Biting: What to do when a child starts to bite
I have a 10 month old granddaughter and she has always been a very easygoing baby. Now she is getting a little cranky and when she gets frustrated or overtired she will kiss you and bite or grab your skin with her fingers and pinch it. Is this normal behavior at this age? It is not all the time but I dont want her to have a bad temper either.Question:
Your granddaughter's biting or pinching when she gets frustrated is quite normal for her age. There is no reason to interpret her actions in negative terms. She is likely expressing her frustration (or experimentation) in the only way she can.
She will learn appropriate boundaries from your and her mother's natural reactions to being bitten. For example, if her mother is still nursing her and she bites her nipple (quite painful!) her mother will naturally yell out in pain and pull her away from the breast. Mothers often reinforce this by stating in a commanding tone, "No biting!". These instinctive reactions are usually quite enough to readily curtail biting and pinching behavior at this age.
Your granddaughter's behavior is a sign that she is trying to communicate her needs or experience in some way. This kind of expression is not a sign of a "bad temper" by any means. If anything it is a signal that she is actively engaged in attempting to get her needs met through interpersonal interaction as well as experimenting with her ability to impact her environment. It is her parents' job (and yours if bitten or pinched!) to help her establish boundaries that are acceptable for such frustration.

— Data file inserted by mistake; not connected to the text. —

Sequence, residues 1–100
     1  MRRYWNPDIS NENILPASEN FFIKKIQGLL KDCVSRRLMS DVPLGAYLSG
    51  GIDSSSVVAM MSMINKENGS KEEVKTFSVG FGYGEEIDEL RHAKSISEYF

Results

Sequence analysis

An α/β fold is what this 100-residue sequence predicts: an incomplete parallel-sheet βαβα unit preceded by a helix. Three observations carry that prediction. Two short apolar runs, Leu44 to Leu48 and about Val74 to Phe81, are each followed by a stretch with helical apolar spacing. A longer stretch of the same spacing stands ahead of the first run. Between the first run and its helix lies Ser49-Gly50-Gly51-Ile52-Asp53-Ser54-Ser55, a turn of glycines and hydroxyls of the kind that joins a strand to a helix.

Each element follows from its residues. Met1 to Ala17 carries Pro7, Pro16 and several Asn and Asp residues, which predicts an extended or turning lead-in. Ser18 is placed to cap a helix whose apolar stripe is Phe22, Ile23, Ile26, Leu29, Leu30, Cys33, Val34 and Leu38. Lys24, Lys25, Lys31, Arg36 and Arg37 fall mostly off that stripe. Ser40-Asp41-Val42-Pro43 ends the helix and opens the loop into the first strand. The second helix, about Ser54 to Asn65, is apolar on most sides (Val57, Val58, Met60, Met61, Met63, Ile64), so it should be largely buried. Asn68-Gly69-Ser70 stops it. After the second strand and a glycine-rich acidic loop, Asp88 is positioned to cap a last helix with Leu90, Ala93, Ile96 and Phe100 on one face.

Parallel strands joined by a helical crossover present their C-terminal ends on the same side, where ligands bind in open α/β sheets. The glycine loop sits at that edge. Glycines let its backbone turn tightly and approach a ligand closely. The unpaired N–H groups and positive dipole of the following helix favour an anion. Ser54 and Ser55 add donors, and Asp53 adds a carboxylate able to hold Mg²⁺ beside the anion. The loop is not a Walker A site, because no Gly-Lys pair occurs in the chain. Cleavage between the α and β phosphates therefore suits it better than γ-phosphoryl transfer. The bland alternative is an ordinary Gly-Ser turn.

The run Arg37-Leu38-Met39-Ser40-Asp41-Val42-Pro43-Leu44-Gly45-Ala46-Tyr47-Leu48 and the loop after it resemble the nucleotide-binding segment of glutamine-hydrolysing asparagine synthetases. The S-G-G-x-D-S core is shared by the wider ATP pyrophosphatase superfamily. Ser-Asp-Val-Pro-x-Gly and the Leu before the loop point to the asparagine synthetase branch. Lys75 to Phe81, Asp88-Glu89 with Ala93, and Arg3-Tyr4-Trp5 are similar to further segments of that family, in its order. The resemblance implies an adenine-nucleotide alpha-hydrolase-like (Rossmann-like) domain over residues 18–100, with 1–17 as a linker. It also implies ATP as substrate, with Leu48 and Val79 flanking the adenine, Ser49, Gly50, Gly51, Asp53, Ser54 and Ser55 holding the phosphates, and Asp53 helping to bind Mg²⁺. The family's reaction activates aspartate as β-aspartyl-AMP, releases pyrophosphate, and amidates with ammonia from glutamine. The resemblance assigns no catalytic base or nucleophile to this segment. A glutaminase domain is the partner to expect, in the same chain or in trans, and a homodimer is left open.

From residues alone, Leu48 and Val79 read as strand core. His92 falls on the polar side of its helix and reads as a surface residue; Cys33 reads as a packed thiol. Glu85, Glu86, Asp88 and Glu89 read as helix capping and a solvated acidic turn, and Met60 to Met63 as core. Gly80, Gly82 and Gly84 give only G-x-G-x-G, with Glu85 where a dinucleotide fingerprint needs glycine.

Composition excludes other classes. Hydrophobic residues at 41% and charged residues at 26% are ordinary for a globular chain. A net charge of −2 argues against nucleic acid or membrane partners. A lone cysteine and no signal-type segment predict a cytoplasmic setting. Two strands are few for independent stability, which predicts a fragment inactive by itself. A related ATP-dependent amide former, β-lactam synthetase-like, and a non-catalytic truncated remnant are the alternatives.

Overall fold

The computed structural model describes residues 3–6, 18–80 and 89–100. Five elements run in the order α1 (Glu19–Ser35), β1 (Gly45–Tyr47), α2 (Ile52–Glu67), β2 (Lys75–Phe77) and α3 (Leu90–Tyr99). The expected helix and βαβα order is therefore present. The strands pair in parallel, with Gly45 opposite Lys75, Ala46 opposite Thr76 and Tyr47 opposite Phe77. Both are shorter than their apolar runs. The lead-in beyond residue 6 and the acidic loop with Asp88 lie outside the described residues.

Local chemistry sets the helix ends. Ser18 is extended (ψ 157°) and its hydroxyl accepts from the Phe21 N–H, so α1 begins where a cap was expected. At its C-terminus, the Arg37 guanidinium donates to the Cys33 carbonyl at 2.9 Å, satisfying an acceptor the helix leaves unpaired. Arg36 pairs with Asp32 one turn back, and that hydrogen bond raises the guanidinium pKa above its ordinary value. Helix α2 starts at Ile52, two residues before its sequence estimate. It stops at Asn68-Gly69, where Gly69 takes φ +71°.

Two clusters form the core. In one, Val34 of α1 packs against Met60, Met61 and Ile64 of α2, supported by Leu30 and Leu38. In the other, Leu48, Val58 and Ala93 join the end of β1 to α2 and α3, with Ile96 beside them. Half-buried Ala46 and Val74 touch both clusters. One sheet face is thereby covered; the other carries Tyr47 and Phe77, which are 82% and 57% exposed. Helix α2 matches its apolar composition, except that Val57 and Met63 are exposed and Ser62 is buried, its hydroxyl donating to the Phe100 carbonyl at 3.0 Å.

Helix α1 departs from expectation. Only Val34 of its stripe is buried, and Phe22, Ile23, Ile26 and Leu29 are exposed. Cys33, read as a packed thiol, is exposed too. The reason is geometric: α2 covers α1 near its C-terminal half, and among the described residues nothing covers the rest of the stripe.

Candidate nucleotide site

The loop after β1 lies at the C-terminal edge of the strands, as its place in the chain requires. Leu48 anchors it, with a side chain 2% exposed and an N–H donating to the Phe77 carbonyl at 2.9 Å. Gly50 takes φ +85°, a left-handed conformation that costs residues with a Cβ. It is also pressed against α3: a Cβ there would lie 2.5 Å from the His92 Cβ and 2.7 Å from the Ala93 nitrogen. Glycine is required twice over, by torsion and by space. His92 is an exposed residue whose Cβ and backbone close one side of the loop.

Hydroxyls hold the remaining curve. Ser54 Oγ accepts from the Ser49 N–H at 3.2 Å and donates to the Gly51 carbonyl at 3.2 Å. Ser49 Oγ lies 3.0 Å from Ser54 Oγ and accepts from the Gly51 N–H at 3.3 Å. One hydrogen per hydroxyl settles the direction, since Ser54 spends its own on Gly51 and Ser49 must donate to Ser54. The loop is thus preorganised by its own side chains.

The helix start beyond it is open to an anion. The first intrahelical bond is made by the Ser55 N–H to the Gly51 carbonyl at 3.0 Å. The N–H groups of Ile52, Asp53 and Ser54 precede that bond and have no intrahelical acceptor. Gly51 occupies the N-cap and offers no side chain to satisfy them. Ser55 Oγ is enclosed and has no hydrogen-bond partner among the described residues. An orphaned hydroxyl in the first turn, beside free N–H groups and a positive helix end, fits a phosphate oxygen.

Be patient with her. And restrain from interpreting unpopular behavior in negative characterological terms. Children depend on you to develop a sense of their true (and positive) identity. It is not too early to pay some conscious attention to the messages you may be inclined to relay to a child, whether in verbal or nonverbal communication.
Naturally, your granddaughter's biting people needs to stop, but her assertion may be viewed as a positive motivator for her behavior. More successful outlets for her assertion can be found as she develops. ( This kind of positive message supporting self-assertion can be particularly important in a girl's development.) It is not too early to verbally begin encouraging her, in a sympathetic tone, to express herself, but without biting. Naturally, she will probably only look at you and whimper, but it allows you to feel comfortable inviting her frustration and the expression of it, into your relationship. She may learn to cry louder and squirm in your arms, instead of pinching and biting you!
Self-esteem is built on the premise that our children need a positive reflection of their unique individuality in the world. This includes being frustrated and learning age appropriate boundaries for expressing and channeling anger. Assuming a "bad temper" so early in the game may diminish your ability to see your granddaughter's nature in more positive terms.Answer: